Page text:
Ketogenic diets (keto for short) have become the fad health trend of the moment, with adherents claiming that they can help you lose and keep off weight faster than anything else, as well as provide a bevy of health benefits. But a new mouse study out of Switzerland suggests that keto diets might have an unintended effect on the ability to process insulin, which could possibly raise the risk of type 2 diabetes. The findings, however, may only be relevant to mice.
Keto diets exploit a genuine quirk of human biology. The fuel we use to keep our bodies running is usually taken from the stockpile of glucose that’s metabolized from our food. And the most easily available source of glucose comes from the carbohydrates we eat. But when the body doesn’t have glucose around, we instead break down our stores of fat for fuel. The liver carries out this function, creating chemicals called ketones that are then broken down into glucose.
We occasionally produce ketones normally, such as during intensive exercise or while fasting, but when the body is in this emergency mode, it’s called ketosis. Ketosis usually happens because we’re in full-out starvation, but in a keto diet, you’re forcing it by eating little to no carbs, some proteins, and mostly fats while still providing the necessary amount of daily energy (calories) to keep yourself nourished.
Keto diets are already used to treat some medical conditions, such as seizures, and there is some evidence they can promote faster weight loss, at least in the short term (like most diets, the success tends to wane over time as people find the restrictive routine hard to keep up).
Insulin gets glucose in the bloodstream to the cells in our body that rely on it for energy. But people with diabetes can’t use insulin normally, meaning their bodies are constantly saturated with sugar in their blood, which can damage blood vessels and the rest of the body. People with type 2 diabetes can stop producing insulin, but more often, it’s that their bodies stop responding to the presence of insulin, which is known as insulin resistance.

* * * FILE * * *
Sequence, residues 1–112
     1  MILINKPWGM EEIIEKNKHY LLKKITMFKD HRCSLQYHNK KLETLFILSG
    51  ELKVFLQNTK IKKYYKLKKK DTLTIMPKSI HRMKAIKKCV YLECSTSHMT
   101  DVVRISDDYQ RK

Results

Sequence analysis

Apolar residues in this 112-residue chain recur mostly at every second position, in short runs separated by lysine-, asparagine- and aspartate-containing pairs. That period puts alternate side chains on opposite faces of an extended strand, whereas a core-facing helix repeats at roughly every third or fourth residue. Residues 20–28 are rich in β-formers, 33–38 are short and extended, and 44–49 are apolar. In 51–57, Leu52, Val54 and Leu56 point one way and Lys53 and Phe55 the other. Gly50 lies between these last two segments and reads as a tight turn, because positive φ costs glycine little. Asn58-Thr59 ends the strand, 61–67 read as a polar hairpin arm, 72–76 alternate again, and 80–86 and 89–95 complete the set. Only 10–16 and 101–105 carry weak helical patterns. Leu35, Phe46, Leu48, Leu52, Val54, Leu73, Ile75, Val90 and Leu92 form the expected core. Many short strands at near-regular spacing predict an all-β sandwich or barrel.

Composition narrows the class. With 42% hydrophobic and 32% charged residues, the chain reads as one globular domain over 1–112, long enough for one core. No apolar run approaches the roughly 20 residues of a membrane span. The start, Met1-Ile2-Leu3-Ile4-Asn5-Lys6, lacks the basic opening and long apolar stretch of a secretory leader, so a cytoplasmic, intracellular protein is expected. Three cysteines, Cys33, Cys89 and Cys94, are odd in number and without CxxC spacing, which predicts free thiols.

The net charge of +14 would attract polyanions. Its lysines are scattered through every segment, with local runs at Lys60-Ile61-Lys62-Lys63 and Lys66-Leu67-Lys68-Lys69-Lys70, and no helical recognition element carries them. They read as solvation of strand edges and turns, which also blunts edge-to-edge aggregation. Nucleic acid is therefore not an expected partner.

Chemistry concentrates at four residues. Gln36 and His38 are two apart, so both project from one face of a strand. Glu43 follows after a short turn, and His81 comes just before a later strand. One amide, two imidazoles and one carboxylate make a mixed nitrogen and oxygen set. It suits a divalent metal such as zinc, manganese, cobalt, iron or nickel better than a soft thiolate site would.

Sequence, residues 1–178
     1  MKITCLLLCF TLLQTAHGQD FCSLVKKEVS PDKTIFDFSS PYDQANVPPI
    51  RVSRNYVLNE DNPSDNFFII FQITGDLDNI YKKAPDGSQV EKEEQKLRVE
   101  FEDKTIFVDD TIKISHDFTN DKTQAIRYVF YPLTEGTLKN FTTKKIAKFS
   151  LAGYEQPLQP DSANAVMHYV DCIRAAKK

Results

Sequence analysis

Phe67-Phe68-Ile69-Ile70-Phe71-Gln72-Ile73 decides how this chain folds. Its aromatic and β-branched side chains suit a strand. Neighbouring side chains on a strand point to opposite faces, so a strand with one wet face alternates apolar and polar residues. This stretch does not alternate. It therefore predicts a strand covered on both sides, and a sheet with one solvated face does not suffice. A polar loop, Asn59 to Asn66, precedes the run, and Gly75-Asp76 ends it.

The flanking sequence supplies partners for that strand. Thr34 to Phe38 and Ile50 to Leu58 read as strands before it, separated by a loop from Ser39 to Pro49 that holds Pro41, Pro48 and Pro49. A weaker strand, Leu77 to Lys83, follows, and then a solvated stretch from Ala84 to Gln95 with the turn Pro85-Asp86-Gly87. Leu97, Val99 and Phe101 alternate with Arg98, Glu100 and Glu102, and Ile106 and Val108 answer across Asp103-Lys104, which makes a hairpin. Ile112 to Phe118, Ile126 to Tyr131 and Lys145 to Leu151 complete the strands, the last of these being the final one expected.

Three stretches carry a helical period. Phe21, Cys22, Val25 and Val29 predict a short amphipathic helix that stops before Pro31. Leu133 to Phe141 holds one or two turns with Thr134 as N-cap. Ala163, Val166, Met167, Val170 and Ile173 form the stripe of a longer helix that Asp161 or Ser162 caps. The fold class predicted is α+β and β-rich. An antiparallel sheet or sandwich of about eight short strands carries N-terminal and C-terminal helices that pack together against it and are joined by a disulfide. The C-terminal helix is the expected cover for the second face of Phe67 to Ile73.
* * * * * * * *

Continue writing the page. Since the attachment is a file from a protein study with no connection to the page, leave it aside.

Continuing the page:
It’s well known how insulin affects our blood vessels, but the Swiss researchers wanted to see how fats broken down in the blood affected them as well, independently of insulin. And since a keto diet causes low levels of circulating glucose and insulin, it seemed a perfect way to study that very thing.
They fed one group of mice a diet high in fat but with plenty of carbs as well, and the other group a keto diet. Then they measured their metabolism and blood sugar. As expected, the carbs-and-fat dieting mice had signs of insulin resistance in the liver, and worse control of their blood sugar. But surprisingly, so did the keto mice, and to a noticeably greater degree.
The study was published Wednesday in the Journal of Physiology.
“Although ketogenic diets are known to be healthy, our findings indicate that there may be an increased risk of insulin resistance with this type of diet that may lead to type 2 diabetes,” study author Christian Wolfrum, a researcher at the University of Zurich’s Institute of Food Nutrition and Health, said in a statement.
The study’s findings, the authors admit, are preliminary. Leaving aside that they looked at mice, not humans, they also only studied them for three days. And it’s likely that the dramatic effects on insulin resistance, if they happen in people, are probably weaker the longer someone stays on the diet.
“Clearly the detrimental effects seen in the early phase are not happening to the same extent in the later phase, otherwise nobody would use such a diet,” Wolfram told Gizmodo via email.
There’s also the very relevant fact that some research, in both people and animals, has suggested that ketogenic and low-carb diets might actually have a positive effect on blood sugar control, at least in people who already have type 1 or type 2 diabetes. And as with any successful diet, losing weight can also lower the risk of diabetes, if you’re overweight or obese.
Nutritional science is notoriously messy, so the conflicting evidence isn’t anything new. And even the authors aren’t advocating that people throw out their keto cookbooks.
“I don’t think there is a need for worry, but the uncritical use of a ketogenic diet without careful monitoring is not advisable in my opinion,” Wolfram said. “In any case, any diet which restricts certain foods can be prone to cause malnutrition so I am personally in favor of more balanced diets.”
Wolfram has a point: People on keto routinely develop fatigue and other symptoms, especially at the start of their diet. This unofficial condition, referred to as the “keto flu,” is thought to be caused by a lack of nutrients and electrolytes.
The team next plans to study whether people also develop insulin resistance early on in their keto diet, as the mice did. “Furthermore, we are interested to understand if this [liver] insulin resistance is part of a physiological adaptation process,” Wolfram said.